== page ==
Eli Lifland discusses AI risk probabilities here.
Scott Alexander talks about how everything will change completely in this post, and then says "There's some chance I'm wrong about a singularity, there's some chance we make it through the singularity, and if I'm wrong about both those things I'd rather give my kid 30 years of life than none at all. Nobody gets more than about 100 anyway and 30 and 100 aren't that different in the grand scheme of things. I'd feel an obligation not to bring kids into a world that would have too much suffering but I think if we die from technological singularity it will be pretty quick. I don't plan on committing suicide to escape and I don't see why I should be not bringing life into the world either.". I have never seen any convincing argument why "if we die from technological singularity it will" have to "be pretty quick".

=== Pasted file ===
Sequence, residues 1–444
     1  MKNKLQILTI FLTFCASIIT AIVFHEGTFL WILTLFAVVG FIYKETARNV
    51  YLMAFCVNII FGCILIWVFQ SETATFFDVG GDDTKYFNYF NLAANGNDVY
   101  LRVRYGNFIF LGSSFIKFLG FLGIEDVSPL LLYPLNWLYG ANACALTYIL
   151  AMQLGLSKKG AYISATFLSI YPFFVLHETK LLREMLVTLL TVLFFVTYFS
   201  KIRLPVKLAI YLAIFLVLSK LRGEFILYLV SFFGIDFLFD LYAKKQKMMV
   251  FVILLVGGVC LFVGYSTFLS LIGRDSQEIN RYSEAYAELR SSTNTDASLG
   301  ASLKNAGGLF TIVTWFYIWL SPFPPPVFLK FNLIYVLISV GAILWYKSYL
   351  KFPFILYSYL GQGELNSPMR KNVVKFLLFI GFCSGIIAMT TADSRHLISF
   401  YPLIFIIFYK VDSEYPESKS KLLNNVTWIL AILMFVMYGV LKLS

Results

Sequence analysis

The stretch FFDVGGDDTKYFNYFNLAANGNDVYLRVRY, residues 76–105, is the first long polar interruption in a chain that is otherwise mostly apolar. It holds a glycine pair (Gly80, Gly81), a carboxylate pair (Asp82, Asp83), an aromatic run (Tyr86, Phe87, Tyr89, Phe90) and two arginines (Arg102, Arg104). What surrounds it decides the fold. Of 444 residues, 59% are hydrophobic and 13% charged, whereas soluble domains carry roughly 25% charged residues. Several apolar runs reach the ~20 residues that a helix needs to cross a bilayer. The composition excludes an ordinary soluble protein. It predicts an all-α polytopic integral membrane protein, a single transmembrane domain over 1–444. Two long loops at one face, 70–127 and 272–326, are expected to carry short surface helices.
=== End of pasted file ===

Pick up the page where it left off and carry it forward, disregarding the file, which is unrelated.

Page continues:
Will MacAskill says that "conditional on misaligned takeover, I think like 50/50 chance that involves literally killing human beings, rather than just disempowering them", but "just" being disempowered does not seem like a great alternative, and I do not know why the AI would care for disempowered humans in a good way.
It seems to me that the world into which children are born today has a high likelihood of being really bad. Is it still a good idea to have children, taking their perspective into account and not just treating them as fulfilling the somehow hard-wired preferences of the parents?
I am currently not only confused, but quite gloomy, and would be grateful for your opinions. Optimistic ones are welcome, but being realistic is more important.